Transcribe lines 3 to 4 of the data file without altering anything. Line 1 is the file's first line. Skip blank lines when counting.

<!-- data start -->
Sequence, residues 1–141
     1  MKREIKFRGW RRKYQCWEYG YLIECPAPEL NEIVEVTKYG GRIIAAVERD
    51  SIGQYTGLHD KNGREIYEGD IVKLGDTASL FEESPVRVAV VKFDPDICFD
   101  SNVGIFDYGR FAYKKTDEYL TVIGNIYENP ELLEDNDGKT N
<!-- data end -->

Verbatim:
    51  SIGQYTGLHD KNGREIYEGD IVKLGDTASL FEESPVRVAV VKFDPDICFD
   101  SNVGIFDYGR FAYKKTDEYL TVIGNIYENP ELLEDNDGKT N